Pence did meet with Prime Minister Binyamin Netanyahu this week and issued a statement that “our industries are finding their stride in the innovation sectors of life sciences, technology and advanced manufacturing, while our educational institutions share bonds in thought.”

Obviously, Pence did not see much use, politically or economically, in meeting with Abbas.

Indiana’s GOP Governor Tours Israel with Eyes on the White House

Friday, December 26th, 2014

Indiana Gov. Mike Pence is touring Israel this week in a business and pleasure trip that also is considered as a first step to tout credentials to be the Republican party presidential nominee in the 2016 elections.

He celebrated Christmas in Jerusalem with his family and toured Christian holy sites.

Last week, Ben Carson, a black Republican, avowed Christian and retired neuro-surgeon from Florida and also a touted candidate for the GOP nomination, visited Israel for the first time in his life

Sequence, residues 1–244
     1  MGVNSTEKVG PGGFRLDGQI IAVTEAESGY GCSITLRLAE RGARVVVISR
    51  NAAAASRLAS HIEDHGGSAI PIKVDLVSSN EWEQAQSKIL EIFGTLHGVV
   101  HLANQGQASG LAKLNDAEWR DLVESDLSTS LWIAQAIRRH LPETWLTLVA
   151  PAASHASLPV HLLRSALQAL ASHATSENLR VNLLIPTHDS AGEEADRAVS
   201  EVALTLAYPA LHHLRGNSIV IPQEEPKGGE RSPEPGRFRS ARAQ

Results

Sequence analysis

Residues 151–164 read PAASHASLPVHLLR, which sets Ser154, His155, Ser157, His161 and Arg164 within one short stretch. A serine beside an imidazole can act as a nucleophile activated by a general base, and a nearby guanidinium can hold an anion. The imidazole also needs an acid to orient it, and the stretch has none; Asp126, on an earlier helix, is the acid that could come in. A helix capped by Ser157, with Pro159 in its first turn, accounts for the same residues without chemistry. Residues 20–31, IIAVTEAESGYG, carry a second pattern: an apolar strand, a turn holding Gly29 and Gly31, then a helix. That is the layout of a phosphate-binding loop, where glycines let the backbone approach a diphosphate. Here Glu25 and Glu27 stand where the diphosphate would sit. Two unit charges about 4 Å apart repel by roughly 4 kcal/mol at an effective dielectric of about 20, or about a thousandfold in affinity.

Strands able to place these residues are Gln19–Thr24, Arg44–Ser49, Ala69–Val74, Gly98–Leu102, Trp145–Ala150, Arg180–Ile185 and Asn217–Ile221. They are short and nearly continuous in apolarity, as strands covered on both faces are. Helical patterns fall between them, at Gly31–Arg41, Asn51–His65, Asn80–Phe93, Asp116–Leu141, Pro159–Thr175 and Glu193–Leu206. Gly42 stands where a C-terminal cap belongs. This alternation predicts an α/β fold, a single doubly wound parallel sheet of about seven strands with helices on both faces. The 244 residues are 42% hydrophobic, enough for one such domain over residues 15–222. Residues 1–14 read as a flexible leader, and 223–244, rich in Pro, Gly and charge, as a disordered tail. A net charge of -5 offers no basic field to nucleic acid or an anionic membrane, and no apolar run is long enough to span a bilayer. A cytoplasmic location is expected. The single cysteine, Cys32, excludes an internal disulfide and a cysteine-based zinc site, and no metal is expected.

Pence, like Carson, often sounds like an evangelist and is deep in the conservative camp, but his being virtually unknown outside Indiana has left him in the bottom of the growing heap of possible candidates.

A non-profit Christian-based organization paid for the Pence family’s trip, which is also a three-day economic mission.

“Hoosiers have cherished our relationship with the people of Israel for generations,” Pence said in a statement. “As we look ahead, deepening our ties with the people, businesses and state of Israel remains a commitment that will empower us as partners.”